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You are here: Home Volume XII August 2013 Equipment Review: LED Lighting Tests: Ecotech Radion Pro, Aqua Illumination Hydra, GHL Mitras 6100HV and 6200HV

Equipment Review: LED Lighting Tests: Ecotech Radion Pro, Aqua Illumination Hydra, GHL Mitras 6100HV and 6200HV

By Sanjay Joshi, Ph.D. Posted Aug 21, 2013 10:00 AM Pomacanthus Publications, Inc.
LED lighting has come a long way and the new generation of LED fixtures is delivering on the promise of LED technology, and control features. As usual, the users need to consider their own applications to determine the best one for the situation. Hopefully this data will be helpful in making your decisions.

sanjayLEDtest3a.jpg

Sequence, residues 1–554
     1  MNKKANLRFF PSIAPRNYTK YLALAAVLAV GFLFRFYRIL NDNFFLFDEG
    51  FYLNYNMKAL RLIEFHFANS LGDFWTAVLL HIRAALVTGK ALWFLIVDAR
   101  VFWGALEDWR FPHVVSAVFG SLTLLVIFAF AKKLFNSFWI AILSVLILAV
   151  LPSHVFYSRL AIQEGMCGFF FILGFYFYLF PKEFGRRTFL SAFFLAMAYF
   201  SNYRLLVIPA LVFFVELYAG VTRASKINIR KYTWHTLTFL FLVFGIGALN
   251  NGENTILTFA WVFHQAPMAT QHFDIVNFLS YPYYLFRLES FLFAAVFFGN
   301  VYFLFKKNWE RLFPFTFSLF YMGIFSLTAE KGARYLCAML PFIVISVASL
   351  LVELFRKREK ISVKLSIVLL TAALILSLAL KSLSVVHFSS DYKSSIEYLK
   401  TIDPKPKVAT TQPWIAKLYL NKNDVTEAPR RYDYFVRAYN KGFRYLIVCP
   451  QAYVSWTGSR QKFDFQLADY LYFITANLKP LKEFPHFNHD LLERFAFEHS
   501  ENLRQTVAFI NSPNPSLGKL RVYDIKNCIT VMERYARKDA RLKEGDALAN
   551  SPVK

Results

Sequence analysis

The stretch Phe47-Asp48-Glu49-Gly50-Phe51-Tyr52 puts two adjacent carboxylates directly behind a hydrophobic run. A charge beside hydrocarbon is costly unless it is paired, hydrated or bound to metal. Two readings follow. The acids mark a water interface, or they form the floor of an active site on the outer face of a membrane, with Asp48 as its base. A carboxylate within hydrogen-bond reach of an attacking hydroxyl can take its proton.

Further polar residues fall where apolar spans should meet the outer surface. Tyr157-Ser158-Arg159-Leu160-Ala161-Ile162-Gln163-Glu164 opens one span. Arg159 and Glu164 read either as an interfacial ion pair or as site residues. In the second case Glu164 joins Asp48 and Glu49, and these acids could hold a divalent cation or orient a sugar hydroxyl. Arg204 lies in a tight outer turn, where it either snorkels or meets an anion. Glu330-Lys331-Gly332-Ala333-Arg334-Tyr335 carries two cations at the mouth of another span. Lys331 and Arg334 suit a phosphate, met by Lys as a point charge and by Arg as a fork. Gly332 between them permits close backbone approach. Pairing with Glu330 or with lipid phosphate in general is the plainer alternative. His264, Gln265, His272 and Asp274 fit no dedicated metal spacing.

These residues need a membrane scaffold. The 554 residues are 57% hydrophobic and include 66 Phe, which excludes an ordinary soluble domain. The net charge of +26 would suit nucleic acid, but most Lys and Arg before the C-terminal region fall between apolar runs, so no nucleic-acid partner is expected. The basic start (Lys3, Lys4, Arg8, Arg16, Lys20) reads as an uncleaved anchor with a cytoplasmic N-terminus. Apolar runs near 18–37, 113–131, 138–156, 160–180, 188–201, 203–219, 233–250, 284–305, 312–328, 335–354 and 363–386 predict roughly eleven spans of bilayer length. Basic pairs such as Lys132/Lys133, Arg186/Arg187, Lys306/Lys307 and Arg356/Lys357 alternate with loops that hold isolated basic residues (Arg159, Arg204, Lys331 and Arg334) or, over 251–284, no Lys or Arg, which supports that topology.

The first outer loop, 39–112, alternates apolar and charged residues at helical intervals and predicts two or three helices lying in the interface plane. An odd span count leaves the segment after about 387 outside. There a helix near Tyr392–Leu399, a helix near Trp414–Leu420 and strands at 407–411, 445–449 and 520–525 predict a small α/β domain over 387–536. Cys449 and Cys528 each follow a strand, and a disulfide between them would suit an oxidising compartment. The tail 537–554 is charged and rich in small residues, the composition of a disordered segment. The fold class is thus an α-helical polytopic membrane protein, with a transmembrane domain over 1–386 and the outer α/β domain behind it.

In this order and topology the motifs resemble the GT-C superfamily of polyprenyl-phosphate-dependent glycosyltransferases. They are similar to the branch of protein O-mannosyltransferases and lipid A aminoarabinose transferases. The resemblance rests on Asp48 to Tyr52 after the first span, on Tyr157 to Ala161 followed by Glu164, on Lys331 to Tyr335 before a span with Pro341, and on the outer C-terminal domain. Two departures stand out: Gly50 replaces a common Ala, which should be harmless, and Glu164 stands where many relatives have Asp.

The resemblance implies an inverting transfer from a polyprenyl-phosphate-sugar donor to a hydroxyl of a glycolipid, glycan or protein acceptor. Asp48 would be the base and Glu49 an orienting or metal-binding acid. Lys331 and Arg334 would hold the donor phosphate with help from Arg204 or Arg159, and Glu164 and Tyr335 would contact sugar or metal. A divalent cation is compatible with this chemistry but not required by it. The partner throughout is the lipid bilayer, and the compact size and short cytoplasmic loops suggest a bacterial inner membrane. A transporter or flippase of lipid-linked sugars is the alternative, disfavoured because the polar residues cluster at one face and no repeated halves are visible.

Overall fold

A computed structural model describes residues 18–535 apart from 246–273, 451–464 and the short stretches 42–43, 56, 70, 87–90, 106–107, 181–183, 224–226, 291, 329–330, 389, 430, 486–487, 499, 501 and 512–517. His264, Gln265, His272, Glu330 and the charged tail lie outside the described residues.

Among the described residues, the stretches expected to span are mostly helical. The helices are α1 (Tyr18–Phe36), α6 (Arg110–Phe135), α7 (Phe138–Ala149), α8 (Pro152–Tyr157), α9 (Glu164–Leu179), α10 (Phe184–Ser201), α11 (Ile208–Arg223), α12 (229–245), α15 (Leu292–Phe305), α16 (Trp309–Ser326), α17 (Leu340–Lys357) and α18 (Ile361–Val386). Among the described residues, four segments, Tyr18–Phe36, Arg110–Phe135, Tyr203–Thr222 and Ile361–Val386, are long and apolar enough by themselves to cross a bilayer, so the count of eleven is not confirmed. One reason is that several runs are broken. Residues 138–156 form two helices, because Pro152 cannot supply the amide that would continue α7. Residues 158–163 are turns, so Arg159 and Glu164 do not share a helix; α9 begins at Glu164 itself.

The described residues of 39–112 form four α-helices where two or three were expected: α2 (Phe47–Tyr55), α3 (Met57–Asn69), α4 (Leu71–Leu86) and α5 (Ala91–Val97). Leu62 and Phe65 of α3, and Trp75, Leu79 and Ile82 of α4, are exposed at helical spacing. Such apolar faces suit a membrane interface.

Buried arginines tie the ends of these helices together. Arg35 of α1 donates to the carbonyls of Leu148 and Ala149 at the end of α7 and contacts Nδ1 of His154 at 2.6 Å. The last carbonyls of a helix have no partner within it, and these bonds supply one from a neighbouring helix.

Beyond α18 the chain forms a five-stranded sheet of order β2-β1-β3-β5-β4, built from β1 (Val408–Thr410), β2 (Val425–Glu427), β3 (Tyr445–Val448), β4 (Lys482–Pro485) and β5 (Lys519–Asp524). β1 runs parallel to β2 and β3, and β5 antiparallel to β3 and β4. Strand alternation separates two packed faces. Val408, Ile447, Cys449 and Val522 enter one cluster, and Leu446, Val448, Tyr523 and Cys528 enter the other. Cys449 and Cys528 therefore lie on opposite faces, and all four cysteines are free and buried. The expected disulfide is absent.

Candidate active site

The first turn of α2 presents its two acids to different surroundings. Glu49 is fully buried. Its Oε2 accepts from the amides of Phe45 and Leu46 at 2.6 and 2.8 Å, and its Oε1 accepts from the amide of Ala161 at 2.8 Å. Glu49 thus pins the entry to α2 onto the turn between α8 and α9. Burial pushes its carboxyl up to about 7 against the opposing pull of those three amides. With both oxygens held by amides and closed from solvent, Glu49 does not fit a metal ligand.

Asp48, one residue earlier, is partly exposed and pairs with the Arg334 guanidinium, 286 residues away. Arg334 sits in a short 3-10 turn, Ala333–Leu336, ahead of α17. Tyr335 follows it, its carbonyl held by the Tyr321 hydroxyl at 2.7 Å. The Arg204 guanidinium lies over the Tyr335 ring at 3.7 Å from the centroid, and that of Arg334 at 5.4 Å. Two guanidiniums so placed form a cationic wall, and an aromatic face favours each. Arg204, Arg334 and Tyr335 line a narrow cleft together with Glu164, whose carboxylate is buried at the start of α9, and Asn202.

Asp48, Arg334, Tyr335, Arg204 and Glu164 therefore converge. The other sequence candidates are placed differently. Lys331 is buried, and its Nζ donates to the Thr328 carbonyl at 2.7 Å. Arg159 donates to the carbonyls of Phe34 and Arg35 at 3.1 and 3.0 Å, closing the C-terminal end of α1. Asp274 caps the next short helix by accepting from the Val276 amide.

The promise of LED technology to be able to offer an infinite range of color and controllability is finally reaching the point of reality. LEDs have to potential of offer unparalled controllability allowing users to control a wide range of features such as - spectrums, color temperatures, ability to vary these throughout the day, add special effects such as cloud covers and lightning, tight integration with modern aquarium controllers, wi-fi and internet based control. Additionally, the ability to upgrade using single platforms can provide users with a path to address rapid obsolescence as well as the ability to tweak the fixtures to the application. The new "high end" LED fixtures such as the Ecotech Radion Pro, GHL Mitras, and AI Hydra are perfect examples of these capabilities.